First produced in 1673 and Molire's final play, The Hypochondriacis a scathingly funny lampoon on both hypochondria and the 'quack' medical profession.
Argan is a perfectly healthy, wealthy gentleman, convinced that he is seriously ill. So obsessed is he with medicinal tinkerings and tonics that he is blind to the goings on in his own household. However, his most efficacious cure will not appear in a bottle or a bedpan, but in his sharp-tongued servant, who has a cunning plan to reveal the truth and open her master's eyes.
Adapted by Roger McGough The Hypochondriac was produced by the Liverpool Everyman and Playhouse and English Touring Theatre and premiered on 19 June 2009.
Molire (1622-73) is known as the greatest French writer of comedy. His plays include The Misanthrope, Tartuffe, and The School for Wives, all available in an omnibus edition from Methuen Drama. Award-winning poet, playwright and children's author Roger McGough made his name as one of the 'Liverpool Poets' with Adrian Henri and Brian Patten. He is a National Curriculum recommended poet for secondary English.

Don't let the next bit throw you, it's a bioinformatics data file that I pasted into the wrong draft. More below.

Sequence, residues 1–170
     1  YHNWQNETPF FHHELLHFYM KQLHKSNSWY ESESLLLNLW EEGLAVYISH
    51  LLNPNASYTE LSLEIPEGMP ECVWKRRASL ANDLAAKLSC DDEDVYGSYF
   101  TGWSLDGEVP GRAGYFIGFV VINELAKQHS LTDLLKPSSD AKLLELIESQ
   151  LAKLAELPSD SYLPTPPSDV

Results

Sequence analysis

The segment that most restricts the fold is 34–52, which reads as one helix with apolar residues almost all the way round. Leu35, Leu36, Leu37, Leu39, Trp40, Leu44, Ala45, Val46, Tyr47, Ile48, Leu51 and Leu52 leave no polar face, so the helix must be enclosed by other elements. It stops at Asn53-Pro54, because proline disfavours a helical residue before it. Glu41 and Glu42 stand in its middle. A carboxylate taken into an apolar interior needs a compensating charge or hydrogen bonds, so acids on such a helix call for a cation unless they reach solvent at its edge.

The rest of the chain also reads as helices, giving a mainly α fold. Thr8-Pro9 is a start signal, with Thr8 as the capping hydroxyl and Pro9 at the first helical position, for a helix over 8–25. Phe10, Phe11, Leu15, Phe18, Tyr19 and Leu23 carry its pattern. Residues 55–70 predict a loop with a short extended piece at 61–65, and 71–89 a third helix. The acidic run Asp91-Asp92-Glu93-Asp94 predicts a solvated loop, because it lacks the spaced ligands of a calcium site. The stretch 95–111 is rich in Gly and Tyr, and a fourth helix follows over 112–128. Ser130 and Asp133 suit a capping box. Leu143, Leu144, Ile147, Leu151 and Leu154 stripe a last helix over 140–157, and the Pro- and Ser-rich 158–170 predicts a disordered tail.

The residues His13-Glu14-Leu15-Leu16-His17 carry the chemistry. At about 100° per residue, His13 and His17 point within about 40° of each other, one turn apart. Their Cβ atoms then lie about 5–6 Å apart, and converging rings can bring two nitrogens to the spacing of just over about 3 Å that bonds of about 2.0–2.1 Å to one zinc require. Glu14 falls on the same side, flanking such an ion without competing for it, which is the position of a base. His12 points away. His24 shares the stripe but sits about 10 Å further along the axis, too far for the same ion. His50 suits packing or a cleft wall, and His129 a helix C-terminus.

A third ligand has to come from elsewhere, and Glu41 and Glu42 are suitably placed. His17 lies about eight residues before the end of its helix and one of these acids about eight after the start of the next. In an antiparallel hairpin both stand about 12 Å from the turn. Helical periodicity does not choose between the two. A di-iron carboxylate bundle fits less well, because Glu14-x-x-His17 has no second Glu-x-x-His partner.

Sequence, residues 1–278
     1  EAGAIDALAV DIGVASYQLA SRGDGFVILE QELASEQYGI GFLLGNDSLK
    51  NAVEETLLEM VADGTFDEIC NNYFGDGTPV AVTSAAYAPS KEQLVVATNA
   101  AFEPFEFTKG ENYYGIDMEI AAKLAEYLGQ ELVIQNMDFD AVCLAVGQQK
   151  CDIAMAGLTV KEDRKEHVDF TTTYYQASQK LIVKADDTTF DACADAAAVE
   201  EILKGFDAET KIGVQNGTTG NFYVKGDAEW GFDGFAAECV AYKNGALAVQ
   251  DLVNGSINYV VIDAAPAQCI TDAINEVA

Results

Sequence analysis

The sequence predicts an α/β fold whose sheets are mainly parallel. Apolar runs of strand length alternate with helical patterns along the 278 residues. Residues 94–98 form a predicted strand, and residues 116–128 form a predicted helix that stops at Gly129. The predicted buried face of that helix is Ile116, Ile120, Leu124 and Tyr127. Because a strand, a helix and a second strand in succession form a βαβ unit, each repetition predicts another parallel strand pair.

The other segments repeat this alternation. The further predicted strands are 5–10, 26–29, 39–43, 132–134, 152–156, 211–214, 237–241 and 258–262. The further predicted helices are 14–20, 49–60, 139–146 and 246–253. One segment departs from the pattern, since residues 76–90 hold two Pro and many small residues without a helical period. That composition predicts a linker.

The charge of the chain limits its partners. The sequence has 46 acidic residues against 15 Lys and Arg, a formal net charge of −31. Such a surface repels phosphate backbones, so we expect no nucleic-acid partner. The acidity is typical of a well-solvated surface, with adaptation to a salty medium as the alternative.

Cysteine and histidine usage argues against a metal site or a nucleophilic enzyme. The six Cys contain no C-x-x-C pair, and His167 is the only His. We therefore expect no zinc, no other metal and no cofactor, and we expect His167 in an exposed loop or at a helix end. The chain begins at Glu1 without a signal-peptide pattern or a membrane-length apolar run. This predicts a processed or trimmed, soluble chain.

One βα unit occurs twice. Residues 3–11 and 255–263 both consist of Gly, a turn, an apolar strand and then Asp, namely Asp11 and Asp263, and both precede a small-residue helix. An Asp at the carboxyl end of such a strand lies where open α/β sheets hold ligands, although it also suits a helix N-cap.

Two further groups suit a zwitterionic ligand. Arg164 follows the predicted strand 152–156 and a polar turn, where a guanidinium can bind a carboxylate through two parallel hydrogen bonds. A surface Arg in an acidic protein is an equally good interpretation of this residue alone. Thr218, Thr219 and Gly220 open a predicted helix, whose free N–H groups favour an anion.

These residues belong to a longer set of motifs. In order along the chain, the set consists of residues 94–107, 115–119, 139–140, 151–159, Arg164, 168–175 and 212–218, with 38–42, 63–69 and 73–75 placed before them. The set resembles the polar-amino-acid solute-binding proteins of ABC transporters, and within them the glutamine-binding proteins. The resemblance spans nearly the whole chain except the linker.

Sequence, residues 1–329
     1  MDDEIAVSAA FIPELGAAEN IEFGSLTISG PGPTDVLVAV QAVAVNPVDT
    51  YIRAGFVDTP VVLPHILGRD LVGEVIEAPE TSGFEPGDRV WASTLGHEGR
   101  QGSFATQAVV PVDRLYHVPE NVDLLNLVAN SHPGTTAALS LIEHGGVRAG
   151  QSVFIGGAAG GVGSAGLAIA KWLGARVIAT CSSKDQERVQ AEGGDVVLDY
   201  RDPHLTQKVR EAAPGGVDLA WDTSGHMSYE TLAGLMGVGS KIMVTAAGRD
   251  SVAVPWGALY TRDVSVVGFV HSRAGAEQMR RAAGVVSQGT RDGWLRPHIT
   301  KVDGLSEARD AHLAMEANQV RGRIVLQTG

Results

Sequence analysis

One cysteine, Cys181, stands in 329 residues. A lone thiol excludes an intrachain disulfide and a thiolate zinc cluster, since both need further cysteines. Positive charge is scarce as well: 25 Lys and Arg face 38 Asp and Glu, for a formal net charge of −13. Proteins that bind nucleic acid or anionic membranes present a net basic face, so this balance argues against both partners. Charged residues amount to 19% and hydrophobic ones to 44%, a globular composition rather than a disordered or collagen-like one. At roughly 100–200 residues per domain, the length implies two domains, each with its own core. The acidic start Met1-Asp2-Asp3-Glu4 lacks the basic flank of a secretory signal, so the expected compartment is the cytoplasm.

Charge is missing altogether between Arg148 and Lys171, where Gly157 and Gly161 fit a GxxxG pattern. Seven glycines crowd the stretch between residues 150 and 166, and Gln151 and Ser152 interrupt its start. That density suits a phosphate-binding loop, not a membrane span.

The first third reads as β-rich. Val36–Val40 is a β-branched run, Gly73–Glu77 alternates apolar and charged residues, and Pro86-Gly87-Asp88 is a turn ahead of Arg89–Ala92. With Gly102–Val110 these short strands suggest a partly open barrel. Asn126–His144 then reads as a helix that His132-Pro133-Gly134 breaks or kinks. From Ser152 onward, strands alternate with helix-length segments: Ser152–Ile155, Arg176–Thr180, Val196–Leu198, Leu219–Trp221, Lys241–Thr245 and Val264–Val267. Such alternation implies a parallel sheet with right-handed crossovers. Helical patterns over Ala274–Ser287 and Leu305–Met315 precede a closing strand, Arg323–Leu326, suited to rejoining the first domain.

'Roger McGough's light-on-its-pieds adaptation… Though it begins with a fart, this is a not up-its-own-derriere version, in which, when a character comes out with a Gallic sentence, she's told that she should 'speak properly'. Its point may be satirical but it projects generosity.'
Susannah Clapp, Observer, 28.6.09
'Roger McGough was a comedian before he became a whimsical poet, and these skills combine happily to serve his second Moliere adaptation.'
Robert Hewison, Sunday Times, 28.6.09
'It's a tonic, guaranteed to lift your spirits and keep them high, buoyed up by the wit and dexterity of McGough's verse… A ticklish tour de farce.'
Georgina Brown, Mail on Sunday, 29.6.09
'McGough takes a variety of attitudes towards Moliere, though reverence is not among them.'
Alfred Hickling, Guardian, 1.7.09
'Roger McGough has added his own medicinal properties to Moliere's The Hypochondraic, upping the laughter quotient in an elixir that's easy to swallow though you might want to hold your nose.'
Lynne Walker, Independent, 8.7.09